The March low may have been the market bottom, says CEO of the world’s largest money manager

Larry Fink, chief executive officer of BlackRock Inc., pauses ahead of a Bloomberg Television interview at the Blackrock Inc. wealth symposium in Zurich, Switzerland, on Thursday, March 7, 2019

Stefan Wermuth | Bloomberg via Getty Images

Larry Fink, co-founder of the world’s biggest money management firm, told CNBC on Thursday the stock market’s coronavirus low last month may have been the pandemic bottom.

“If the disease curve in the developed world continues to decline [and] at the same time we see the curve from governmental support for monetary policy and fiscal policy worldwide increases, we could have seen the bottom,” said the BlackRock chairman and CEO.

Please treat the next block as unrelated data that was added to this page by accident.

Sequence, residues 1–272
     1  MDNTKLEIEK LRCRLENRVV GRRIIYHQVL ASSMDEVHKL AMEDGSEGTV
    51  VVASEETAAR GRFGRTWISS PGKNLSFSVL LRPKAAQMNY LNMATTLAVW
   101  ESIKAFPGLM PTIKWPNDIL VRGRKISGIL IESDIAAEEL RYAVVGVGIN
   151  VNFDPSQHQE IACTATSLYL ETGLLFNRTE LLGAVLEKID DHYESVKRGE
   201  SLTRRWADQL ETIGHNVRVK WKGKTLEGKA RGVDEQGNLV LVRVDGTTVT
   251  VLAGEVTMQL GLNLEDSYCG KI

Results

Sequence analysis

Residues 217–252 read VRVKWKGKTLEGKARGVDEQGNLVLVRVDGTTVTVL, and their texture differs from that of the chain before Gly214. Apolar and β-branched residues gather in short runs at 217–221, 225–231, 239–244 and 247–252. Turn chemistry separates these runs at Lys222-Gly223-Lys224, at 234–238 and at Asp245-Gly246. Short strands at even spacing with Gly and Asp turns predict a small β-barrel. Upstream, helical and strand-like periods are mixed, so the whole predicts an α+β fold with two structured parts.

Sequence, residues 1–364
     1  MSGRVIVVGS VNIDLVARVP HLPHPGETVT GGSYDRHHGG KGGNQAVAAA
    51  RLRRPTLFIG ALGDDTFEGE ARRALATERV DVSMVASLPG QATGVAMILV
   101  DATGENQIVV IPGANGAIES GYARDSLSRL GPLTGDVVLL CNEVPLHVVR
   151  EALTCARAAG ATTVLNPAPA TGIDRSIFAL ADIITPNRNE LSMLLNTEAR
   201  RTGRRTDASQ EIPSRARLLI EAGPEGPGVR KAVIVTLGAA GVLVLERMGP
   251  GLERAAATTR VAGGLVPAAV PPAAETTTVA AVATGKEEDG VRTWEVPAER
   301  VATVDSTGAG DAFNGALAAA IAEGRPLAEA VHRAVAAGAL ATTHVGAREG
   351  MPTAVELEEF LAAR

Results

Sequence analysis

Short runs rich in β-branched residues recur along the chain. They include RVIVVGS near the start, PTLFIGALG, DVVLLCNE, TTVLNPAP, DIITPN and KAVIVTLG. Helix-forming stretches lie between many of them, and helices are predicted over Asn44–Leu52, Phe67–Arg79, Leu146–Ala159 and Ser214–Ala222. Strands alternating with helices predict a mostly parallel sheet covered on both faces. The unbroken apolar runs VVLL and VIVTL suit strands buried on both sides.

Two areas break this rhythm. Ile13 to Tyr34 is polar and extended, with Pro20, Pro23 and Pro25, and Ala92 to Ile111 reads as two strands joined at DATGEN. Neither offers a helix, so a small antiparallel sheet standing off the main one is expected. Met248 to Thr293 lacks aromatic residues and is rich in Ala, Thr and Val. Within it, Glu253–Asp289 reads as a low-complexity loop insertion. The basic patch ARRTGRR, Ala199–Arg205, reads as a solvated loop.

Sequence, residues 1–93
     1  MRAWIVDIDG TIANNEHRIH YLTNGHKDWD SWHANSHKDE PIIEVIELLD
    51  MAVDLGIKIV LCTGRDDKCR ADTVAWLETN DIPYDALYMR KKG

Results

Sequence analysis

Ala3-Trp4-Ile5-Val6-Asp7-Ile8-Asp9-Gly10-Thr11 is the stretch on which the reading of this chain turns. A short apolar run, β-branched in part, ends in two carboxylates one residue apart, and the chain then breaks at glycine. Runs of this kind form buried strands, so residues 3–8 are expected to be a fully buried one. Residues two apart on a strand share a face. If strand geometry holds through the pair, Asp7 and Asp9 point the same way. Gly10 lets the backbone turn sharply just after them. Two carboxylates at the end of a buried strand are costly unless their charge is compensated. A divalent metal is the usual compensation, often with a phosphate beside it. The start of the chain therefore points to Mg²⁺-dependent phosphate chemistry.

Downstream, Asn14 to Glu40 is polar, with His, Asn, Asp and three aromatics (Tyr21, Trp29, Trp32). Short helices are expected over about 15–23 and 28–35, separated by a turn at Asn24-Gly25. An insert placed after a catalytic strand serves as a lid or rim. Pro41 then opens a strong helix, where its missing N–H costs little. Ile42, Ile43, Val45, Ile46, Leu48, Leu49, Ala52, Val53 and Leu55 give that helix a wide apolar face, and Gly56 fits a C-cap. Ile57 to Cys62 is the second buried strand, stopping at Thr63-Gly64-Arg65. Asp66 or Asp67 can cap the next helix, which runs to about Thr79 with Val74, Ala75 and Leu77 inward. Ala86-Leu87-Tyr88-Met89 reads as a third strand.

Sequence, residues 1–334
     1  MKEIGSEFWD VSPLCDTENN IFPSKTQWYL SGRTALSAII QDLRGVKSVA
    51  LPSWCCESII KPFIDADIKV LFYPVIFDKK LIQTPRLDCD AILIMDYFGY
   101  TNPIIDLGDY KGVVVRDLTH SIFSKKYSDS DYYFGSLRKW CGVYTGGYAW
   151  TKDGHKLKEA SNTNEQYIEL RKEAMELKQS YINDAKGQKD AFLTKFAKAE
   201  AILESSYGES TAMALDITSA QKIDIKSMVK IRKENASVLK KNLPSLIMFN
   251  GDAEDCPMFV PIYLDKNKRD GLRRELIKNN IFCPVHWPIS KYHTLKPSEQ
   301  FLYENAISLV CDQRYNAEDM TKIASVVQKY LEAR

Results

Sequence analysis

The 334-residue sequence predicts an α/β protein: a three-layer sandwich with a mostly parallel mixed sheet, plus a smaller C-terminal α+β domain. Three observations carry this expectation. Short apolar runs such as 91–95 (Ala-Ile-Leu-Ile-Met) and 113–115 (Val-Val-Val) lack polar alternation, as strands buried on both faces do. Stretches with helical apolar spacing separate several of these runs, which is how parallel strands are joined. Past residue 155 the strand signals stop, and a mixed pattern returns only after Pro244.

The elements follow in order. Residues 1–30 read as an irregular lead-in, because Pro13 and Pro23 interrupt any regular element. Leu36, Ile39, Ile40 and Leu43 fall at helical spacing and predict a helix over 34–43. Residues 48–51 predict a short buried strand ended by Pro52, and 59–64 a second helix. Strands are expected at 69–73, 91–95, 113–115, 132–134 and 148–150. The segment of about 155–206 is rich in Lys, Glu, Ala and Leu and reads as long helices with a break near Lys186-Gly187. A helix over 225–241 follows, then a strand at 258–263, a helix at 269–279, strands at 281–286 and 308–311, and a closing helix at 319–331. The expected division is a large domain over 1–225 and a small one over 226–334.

The S&P 500 saw its most recent low of 2,191 on March 23, which marked a decline of 35% from its February record. The index, as of Wednesday’s close, was less than 18% off those highs.

Fink, who appeared on “Squawk Box” shortly after BlackRock reported a 23% drop in first-quarter earnings, warned that the stock market underappreciates that the virus has mostly hit the developed world.

“As we start entering summer time [in the U.S.], the southern hemisphere is beginning to have their winter. And are we going to see an acceleration in the disease in other parts of the world? And does that mean close our borders for a longer period of time?” he asked.

Dow futures were pointing to a steady open on Thursday. Terrible economic numbers pushed the Dow Jones Industrial Average down 445 points, or 1.9%, on Wednesday. The S&P 500 fell 2.2% and the Nasdaq lost 1.4%. Weak bank earnings also weighed on the market Wednesday.

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